“The single biggest problem with communication is the illusion that it has taken place” — George Bernard Shaw
Somehow in the greatest technology bull market since tech 1.0 in the late 1990’s I have managed to find myself on an interview train making no stops. I spent the first ten years of my career working through the labyrinth of Wall Street finance and banking to achieve my goal of being a client facing banker. Some would say I foolishly abandoned my career to pursue the startup fairytale. But over the past five years I’ve learned more from the failures of working in early stage startups than I ever did in the successes of banking. I do believe the mix of corporate structure and agile resourceful early stage startup experience are the reasons why I continue to get opportunities to be turned down.
“I try not to worry about the future — so I take each day just one anxiety attack at a time.” — Tom Wilson
Over the past 9-months I’ve been interviewing for a new Customer Success position in the San Francisco Bay Area with….well…little success. The only highlight I can report is the continued flow of new interview opportunities. After making an off the cuff estimate to a friend about the number of interviews I’ve had I finally decided to write them down and account for all the outcomes. I’ve now recorded a phone or in person interview with 29 separate companies and counting. From series A to publicly traded valley stalwarts I’ve had exchanges about various Customer Success positions with them all!
Over the course of these interviews I noticed a few communication trends worth noting. Of the 29 interviews 48.28% or 14 of them ended with a company either never calling me back to update if I would or would not be moving forward or respond to my follow up email inquiries about next steps. Mind you, I was following up only because the phone call would end with “we’ll be in touch with next steps”. But rather than say “no” or “you won’t be going forward” they decided to ignore me to let me know “we’re not interested”. This includes my interactions with internal HR/people management/internal recruiters, actual hiring managers and even a CEO. No phone call, no email, just complete self-loathing radio silence.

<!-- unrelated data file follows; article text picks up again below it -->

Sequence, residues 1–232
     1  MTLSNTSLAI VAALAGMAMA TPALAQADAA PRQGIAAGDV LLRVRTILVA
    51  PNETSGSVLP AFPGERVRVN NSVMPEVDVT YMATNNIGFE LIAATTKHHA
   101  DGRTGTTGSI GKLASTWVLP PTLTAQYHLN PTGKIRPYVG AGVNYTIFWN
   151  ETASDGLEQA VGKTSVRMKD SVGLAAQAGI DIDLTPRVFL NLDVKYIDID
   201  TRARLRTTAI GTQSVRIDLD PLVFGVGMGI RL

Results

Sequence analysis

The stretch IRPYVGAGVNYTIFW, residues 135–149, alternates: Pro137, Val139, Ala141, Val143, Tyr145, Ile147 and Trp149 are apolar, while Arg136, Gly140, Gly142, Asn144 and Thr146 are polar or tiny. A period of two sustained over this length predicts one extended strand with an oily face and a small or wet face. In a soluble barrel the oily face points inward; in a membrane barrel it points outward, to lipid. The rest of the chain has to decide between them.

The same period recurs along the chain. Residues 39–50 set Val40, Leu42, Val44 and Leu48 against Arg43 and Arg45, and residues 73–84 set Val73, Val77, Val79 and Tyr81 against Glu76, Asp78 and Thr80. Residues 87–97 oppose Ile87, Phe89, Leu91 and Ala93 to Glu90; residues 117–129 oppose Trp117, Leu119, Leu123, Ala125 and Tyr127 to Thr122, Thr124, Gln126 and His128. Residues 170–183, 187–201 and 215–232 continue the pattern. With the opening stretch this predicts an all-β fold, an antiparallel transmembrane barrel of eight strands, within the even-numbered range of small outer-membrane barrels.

It’s about at this point you’re asking yourself “This person must be an idiot! 29 interviews!?!?!?!” I have my thoughts about that number as well but the purpose of my post is to discuss the communication or the lack of communication I’ve experienced over the 29-interviews.
“If I’m curt with you it’s because time is a factor.” — The Wolf, Pulp Fiction
For the past 18-months I’ve been running all customer facing responsibilities for a European b2b ad tech SaaS startup. With an insane amount of effort, resourcefulness and the assistance from HQ I was able to get up to speed quickly and operate independently to assist the 100,000+ global registered users and 2,000 paying customers the company maintains. As the only person in North America a mere 9-hours behind my closest colleague my days can be kind of busy. Through five channels of communication my day can include:
- Educating existing customers to increase engagement and increase activity.
- Address inquiries ranging from explaining what a unique click is to an individual to machining data for a large enterprise customer in an effort to reduce churn.
- Close new customers & partnerships through presentations, demos & calls.
- Up-selling when opportunities make themselves available.
I joke that I started with a single laptop and now have three monitors to help get through the day. I love my job but I’ve hit a ceiling with no clear future of it ever being raised.
“Even a broken clock is right twice a day”
The amount of work it takes just to be ignored is quite amazing. I’ve come to give up on anyone’s ability to follow up and follow through. I’m aware as a job seeker it’s up to me to be aggressive in my search. But more often than not it will require multiple attempts to yield a response to a question I was originally asked. For example the struggles of setting up phone interview:
“Hi, Joe please let me know if Tuesday at 11am works for a call.”
- “Hi ___________, Tuesday at 11am works great for me!”
Days have gone by….no response to my email reply